Stewart Lorimer is the area general manager, North of Scotland, for Hilton Hotels.
It would be easy to say Stewart Lorimer was destined for a life in hotels. When he was born, his father was a hotel general manager and when he was seven, his parents ran their own hotel.
"It's what I knew," he says. "But I wasn't encouraged to follow in my father's footsteps - in fact, my mother was not particularly pleased when I did, as the life of a hotelier is 24/7."
As a teenager, Lorimer enjoyed helping his parents in the hotel, rising each morning to set out the milk and butter, make toast and restock the bar.
"At that age, the opportunity to earn cash and do something hands-on was great," he says.
When he turned 16, Lorimer spent two summer seasons in a hotel in Largs, Ayrshire, which cemented his determination to pursue a career in hospitality.
In 1985, Lorimer went to Strathclyde University where he did his degree at the Scottish Hotel School, before joining the Embassy Hotels Group (which later became Jarvis) as a trainee manager.
Following eight years with Embassy, Lorimer began his career with Marriott in Aberdeen at the Amatola, where he eventually became general manager at just 26.
"I was working at the Caledonian in Inverness when I got the call to ‘start tomorrow'. I packed my bags and drove down that night," he recalls.
Lorimer's career path with Marriott saw him work in a broad cross-section of hotels. As operations manager, he helped to plan and open the Worsley Park hotel and country club in Manchester.
"I was sat in a Portakabin for six months with no customers and no staff; just a blank piece of paper to plan the hotel," he explains.
After two years, Lorimer returned to the role of general manager, this time at Newcastle Marriott Hotel Metrocentre, which was another big change. He had gone from a historic country resort to a bustling city centre hotel, with a mixed trade of mid-week business clientele and weekend shoppers and party-goers.
"My first task was to attend Marriott's general managers' conference in New Orleans during Mardi Gras," he says. "I thought I'd died and gone to heaven."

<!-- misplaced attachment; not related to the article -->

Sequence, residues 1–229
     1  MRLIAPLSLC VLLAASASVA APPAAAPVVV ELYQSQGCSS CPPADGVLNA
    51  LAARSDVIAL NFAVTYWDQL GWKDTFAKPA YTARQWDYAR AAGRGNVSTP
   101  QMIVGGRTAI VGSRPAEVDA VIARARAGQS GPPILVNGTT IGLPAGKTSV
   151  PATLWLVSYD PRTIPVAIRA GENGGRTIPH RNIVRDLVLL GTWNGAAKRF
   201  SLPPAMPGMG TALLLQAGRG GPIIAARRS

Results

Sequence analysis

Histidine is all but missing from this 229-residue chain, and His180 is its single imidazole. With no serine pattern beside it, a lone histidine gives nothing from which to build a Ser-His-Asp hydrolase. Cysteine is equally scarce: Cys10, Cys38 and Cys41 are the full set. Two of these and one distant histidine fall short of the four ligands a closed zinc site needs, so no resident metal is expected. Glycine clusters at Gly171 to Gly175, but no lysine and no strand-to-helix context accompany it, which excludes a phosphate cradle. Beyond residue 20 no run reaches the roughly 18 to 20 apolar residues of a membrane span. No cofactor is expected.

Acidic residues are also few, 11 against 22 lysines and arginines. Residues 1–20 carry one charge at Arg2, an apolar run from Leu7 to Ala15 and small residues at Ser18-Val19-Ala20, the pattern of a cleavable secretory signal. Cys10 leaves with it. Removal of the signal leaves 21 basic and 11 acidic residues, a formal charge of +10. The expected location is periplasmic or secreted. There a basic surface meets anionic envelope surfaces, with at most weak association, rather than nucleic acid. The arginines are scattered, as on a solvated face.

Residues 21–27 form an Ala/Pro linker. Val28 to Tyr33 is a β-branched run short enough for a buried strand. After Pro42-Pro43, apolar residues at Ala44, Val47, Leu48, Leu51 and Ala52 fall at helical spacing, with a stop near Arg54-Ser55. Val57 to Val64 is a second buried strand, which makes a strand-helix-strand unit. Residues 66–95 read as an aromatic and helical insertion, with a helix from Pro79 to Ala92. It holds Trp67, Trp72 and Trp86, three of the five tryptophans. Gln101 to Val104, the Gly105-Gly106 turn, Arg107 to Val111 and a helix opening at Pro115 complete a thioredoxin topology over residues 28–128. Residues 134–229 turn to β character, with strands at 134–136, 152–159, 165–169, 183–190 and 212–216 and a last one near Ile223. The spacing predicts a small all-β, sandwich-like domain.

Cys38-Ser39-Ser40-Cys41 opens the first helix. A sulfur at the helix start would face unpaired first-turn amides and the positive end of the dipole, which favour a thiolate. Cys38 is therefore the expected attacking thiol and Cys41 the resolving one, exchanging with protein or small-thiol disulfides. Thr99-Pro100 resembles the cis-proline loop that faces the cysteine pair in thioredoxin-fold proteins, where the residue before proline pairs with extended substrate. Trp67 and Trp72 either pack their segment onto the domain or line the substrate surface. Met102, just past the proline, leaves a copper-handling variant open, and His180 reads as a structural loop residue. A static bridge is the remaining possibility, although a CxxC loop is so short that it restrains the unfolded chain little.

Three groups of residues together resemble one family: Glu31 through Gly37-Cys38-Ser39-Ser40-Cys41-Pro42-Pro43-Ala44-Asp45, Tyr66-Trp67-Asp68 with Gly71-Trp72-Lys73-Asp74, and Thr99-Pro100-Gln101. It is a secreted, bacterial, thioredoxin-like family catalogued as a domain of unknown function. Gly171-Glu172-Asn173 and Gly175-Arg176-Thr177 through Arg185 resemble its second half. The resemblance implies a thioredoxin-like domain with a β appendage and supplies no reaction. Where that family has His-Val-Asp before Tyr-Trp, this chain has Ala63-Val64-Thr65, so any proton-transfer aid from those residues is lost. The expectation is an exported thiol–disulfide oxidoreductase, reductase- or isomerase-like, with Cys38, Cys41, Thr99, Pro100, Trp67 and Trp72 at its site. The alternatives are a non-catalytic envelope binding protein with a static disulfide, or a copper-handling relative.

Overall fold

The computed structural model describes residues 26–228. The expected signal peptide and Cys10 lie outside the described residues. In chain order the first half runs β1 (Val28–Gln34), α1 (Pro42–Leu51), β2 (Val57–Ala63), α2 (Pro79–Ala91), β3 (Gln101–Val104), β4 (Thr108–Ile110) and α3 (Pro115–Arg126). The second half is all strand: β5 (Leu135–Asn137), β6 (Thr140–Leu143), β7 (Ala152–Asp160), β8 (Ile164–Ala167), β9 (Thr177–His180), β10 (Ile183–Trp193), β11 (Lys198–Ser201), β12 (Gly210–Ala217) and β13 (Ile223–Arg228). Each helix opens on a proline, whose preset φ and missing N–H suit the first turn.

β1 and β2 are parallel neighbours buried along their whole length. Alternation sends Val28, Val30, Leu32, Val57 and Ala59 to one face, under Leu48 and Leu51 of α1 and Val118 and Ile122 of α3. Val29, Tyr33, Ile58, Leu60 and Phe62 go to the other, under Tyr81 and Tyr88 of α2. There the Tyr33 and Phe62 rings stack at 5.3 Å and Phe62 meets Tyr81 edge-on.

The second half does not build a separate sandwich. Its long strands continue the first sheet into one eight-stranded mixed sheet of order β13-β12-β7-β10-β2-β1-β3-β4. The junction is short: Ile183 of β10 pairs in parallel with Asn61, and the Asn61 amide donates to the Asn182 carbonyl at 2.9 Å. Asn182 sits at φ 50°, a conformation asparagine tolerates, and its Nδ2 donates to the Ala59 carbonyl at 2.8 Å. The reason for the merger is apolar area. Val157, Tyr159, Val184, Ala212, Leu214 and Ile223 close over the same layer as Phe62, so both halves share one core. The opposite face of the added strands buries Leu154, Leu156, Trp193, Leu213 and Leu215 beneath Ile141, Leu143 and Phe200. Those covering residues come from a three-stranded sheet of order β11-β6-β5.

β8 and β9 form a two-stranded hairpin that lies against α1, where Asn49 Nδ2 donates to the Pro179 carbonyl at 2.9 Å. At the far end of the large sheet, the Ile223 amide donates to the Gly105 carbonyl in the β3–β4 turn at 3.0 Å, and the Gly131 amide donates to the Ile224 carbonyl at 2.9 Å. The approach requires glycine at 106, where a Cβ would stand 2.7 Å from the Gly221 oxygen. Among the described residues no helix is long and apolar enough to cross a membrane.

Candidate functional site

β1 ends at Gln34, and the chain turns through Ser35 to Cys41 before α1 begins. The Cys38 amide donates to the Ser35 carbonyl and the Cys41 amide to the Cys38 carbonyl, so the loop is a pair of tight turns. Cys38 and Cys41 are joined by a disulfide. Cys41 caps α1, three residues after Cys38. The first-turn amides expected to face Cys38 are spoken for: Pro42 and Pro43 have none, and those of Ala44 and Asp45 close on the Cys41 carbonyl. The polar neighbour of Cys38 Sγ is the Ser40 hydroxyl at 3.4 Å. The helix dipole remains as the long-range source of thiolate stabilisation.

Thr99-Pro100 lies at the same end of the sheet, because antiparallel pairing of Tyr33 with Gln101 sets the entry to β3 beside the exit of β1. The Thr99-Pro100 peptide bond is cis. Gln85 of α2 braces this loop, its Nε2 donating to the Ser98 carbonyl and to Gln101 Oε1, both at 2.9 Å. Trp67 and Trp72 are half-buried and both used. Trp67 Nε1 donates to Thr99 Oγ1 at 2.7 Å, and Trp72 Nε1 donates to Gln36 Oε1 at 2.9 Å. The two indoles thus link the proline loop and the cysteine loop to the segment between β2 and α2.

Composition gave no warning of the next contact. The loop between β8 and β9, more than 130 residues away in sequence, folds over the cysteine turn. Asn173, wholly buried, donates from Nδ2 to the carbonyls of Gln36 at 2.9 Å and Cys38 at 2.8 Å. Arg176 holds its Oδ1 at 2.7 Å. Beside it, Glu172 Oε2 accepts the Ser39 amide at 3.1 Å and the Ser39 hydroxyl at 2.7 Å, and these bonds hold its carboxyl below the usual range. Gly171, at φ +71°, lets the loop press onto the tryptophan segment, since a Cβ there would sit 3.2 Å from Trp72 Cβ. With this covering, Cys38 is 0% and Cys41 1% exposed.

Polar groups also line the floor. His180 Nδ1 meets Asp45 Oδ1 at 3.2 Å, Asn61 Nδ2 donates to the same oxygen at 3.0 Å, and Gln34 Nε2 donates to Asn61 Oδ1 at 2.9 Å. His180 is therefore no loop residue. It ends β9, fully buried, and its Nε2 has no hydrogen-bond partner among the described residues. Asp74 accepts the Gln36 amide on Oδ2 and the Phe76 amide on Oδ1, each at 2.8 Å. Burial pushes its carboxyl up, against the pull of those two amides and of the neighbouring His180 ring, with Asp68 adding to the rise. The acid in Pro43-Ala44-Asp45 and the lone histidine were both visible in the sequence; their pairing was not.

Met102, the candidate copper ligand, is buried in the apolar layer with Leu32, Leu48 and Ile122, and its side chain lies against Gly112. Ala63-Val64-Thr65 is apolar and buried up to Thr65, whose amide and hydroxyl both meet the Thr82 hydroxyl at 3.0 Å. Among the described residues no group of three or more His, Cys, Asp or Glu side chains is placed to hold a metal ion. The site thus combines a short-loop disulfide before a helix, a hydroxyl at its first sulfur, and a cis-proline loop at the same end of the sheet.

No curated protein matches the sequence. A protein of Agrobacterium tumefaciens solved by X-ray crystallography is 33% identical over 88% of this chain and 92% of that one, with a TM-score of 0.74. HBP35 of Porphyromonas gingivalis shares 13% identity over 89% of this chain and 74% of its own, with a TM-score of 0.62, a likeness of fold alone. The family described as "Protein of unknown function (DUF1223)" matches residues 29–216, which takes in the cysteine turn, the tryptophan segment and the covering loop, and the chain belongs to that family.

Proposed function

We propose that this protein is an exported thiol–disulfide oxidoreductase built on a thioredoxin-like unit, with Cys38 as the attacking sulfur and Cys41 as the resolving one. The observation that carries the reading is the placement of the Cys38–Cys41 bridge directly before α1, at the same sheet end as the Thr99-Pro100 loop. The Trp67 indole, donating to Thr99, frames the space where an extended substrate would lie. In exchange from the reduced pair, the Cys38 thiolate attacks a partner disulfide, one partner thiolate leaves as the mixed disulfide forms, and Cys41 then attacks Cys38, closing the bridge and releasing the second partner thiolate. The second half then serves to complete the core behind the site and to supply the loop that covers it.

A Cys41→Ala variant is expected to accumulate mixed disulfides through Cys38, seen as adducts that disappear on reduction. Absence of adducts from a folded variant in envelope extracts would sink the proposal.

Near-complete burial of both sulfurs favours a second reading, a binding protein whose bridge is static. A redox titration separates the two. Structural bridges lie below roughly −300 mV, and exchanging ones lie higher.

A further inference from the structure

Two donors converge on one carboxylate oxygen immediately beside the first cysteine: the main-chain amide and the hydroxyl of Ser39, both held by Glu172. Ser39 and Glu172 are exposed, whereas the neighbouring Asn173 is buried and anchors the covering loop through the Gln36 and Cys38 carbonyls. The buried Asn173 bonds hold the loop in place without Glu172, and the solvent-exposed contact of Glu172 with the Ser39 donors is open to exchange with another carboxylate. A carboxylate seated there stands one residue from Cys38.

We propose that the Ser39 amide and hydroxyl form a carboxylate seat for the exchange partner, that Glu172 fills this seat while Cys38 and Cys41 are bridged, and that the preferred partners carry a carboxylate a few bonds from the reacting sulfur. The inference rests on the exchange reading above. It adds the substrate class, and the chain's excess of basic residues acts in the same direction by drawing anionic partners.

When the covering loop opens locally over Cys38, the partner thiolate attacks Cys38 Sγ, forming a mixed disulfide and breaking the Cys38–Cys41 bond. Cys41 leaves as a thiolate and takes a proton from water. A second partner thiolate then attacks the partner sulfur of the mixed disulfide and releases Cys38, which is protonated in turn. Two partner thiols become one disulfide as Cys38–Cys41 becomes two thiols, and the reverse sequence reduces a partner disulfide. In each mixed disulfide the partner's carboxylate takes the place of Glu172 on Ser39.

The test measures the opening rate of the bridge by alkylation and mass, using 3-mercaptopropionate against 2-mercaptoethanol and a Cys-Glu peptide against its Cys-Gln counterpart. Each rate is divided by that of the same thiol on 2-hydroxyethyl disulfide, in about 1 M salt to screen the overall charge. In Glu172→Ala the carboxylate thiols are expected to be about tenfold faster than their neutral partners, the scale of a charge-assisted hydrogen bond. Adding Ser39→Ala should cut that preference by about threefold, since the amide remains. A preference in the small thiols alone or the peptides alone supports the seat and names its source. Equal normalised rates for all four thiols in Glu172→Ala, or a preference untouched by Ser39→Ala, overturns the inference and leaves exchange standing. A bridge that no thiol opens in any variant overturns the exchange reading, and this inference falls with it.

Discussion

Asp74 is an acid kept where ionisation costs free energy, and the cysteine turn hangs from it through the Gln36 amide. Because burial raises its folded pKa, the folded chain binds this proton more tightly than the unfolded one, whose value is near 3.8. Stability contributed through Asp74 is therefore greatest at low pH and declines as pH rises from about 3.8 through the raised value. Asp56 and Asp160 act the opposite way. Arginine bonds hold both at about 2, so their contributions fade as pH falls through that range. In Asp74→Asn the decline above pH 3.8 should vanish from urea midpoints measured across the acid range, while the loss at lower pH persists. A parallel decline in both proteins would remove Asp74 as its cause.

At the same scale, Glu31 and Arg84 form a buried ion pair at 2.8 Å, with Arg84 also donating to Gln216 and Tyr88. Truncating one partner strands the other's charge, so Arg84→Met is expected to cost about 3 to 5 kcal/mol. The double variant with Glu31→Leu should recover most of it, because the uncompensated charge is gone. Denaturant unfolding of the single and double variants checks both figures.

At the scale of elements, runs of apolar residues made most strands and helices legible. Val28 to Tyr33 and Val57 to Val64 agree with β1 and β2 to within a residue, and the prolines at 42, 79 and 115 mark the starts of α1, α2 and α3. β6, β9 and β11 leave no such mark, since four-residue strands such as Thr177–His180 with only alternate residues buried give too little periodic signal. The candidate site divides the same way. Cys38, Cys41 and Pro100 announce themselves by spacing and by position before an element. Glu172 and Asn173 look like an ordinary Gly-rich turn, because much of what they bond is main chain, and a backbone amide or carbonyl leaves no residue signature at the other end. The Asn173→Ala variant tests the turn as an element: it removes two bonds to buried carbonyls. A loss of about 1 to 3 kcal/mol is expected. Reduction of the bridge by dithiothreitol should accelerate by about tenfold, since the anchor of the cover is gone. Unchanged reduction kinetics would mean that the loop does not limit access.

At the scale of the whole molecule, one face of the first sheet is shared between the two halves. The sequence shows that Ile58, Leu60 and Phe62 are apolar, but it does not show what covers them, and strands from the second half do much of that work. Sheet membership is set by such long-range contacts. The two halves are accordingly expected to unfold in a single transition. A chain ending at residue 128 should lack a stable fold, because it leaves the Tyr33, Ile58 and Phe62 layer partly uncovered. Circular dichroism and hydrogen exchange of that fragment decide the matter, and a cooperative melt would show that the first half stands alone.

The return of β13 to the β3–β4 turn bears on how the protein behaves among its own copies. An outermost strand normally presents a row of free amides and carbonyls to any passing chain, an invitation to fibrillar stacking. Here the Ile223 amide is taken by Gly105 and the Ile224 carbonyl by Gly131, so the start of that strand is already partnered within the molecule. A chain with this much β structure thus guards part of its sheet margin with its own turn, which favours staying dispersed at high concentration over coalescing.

A year later, he moved to the 178-bedroom Marriott Gosforth Park, before taking up the post of cluster manager at Marriott for the North of England, which he held for five years. Success in this role led Lorimer to his current position with the Hilton Hotels group. He credits his constant evolution for his success: "You can't stand still," he advises. "Keep changing things and keep looking for different ways to do things."
HIGHS… As part of an insurance assessment at Gosforth Park, we had a painting that was hanging in the lobby valued. When we discovered it was worth £20,000-£40,000, we decided it was too risky to leave it where it was so we put it in an auction. In the end it went for £140,000. It was a massive boost to our profit and loss figures!
LOWS… One winter at the Amatola, temperatures dropped to double negative figures. I spent the three-and-half days after Boxing Day that we were closed, resetting the faulty, outside boiler every 45 minutes. It was horrendous.
Also, when I was at Gosforth Park we had an outbreak of norovirus. It happened at the beginning of December, which lost the business a lot of money. We managed to contain and manage it very quickly, but the panic that it caused meant we received a lot of cancellations.
Family Married, four children
Favourite holiday Fife
Motto Don't have mottos!
Don't let the recession impact your customers. Make sure they receive a consistent level of service, and work harder.